Less is known about how the animals that live in this largely rural area have fared. Firefighters have found the remains of many slow-moving animals, such as snakes and turtles, in burned areas. Larger animals that managed to escape likely will suffer from loss of food sources and a sharp reduction in available grazing lands, experts said.
“We’re very aware of this problem of disruption of the food chain, even if there is not much we can do,” said Michael Weinberger, a JNF forest supervisor in the Central Galilee and Golan Heights.
Tourists who return to this area after the war may be startled to find Israel’s most popular hiking spots, where waterfalls pour over lush ridges, virtually unrecognizable.
On Tuesday, the fires from Katyushas reached Mt. Meron, already scorched, and nearby Nahal Amud, a strikingly beautiful canyon that runs from the Upper Galilee to the Kinneret Lake and is replete with waterfalls, blooming plant life and animals ranging from gazelles to wild boars.
There is little that Israel’s Nature Protection Authority, which maintains the area, can do for these lands at risk. Even after the war ends the authority will not replant, since the areas are protected reserves or natural areas where the rule of thumb is to let nature take its course.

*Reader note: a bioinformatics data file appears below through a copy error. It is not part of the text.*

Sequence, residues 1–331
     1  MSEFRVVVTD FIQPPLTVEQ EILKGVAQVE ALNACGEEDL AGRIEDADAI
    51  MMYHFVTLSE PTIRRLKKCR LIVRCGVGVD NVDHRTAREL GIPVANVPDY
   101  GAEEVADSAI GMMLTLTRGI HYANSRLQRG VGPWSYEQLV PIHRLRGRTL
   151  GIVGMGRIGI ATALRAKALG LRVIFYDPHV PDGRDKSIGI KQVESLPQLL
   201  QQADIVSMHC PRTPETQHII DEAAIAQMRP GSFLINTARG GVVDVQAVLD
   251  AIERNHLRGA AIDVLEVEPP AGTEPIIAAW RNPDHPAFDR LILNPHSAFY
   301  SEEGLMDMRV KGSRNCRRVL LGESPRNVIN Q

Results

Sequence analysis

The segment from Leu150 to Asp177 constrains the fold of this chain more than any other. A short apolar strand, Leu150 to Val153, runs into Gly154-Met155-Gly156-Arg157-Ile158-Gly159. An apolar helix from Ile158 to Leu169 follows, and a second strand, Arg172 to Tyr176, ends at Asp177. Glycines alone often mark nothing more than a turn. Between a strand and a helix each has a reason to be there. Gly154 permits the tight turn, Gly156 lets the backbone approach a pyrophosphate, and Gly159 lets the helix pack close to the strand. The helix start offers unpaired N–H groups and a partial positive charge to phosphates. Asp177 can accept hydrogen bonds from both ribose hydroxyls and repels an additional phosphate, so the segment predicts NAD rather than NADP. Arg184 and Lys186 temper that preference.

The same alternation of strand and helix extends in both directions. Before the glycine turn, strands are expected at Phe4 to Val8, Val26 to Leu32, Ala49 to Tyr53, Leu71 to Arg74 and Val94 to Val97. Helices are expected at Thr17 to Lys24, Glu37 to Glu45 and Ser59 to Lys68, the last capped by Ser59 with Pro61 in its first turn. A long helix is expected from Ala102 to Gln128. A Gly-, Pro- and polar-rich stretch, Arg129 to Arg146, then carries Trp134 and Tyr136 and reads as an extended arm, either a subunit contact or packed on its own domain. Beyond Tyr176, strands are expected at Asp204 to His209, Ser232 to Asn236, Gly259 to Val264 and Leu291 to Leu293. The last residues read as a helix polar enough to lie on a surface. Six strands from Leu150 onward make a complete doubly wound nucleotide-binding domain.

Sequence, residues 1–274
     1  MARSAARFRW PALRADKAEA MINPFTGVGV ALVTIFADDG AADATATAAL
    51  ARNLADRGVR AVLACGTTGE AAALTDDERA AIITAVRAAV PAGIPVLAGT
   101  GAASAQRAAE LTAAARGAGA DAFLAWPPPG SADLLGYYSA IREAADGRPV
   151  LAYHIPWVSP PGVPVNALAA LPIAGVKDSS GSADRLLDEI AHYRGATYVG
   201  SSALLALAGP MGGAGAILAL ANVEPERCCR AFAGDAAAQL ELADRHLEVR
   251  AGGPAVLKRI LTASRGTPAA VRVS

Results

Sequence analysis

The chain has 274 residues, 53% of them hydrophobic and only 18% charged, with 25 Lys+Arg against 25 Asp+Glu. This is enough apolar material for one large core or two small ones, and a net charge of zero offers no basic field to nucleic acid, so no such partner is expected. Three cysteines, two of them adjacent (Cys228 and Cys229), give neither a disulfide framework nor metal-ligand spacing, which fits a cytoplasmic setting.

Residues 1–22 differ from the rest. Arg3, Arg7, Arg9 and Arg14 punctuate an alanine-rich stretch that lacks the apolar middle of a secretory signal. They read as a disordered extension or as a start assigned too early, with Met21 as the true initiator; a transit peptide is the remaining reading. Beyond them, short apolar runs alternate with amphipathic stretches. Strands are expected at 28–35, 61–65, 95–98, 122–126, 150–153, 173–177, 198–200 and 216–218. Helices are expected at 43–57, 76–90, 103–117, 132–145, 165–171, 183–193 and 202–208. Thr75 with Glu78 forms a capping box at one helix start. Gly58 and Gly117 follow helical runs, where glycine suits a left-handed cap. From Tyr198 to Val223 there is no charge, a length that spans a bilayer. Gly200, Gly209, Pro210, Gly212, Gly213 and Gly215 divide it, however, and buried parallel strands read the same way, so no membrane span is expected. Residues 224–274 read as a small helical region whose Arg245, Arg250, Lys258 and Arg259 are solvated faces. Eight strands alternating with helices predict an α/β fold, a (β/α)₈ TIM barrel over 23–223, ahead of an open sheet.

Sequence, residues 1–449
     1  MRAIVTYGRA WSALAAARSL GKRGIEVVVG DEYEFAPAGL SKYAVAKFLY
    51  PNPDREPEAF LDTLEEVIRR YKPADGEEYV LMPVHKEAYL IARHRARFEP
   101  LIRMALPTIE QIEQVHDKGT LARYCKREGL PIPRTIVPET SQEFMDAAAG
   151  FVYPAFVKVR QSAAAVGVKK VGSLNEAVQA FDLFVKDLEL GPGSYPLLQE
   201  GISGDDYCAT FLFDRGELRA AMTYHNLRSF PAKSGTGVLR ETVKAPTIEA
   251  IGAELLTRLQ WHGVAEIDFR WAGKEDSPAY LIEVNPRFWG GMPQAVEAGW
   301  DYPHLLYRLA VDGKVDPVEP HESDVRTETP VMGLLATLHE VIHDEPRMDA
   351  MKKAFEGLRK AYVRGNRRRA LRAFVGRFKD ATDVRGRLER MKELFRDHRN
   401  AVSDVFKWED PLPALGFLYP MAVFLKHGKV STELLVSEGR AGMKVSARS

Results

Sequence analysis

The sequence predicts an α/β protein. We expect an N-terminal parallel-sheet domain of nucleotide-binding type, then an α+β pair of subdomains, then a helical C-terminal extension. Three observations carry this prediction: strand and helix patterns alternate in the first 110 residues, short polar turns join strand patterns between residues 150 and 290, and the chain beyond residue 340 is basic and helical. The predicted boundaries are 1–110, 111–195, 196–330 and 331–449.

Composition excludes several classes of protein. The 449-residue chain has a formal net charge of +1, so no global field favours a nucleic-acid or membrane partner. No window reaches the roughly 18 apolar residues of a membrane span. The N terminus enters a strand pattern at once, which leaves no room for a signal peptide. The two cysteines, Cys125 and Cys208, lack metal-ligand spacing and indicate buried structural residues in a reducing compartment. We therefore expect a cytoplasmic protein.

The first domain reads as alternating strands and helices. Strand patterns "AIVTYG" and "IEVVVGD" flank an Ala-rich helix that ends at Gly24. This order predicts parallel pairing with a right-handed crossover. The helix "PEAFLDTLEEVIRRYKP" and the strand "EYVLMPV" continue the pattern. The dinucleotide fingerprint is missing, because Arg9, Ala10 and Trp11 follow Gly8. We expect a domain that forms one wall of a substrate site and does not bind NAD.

Even if officials tried, there would be no way to restore the variety of plant life, wildlife and woodlands native to the area.
“It all depends on the rain that will fall,” Gabay said. “We let these areas repopulate naturally.”
The JNF says it will try to replant as many trees as possible after the fighting is over. Each acre will cost an estimated $5,500 for the first two years to resoil, replant and treat, officials said.
For now, the focus is on putting out the fires.
Because most firefighters in northern Israel are busy trying to extinguish blazes sparked by the Katyusha rockets in urban areas where human lives are at stake, the fight against forest fires has been conducted mostly from the air.
Israel’s Interior Ministry has run out of money to pay for the planes, so the JNF is picking up the tab with an emergency fund for which it has yet to raise money.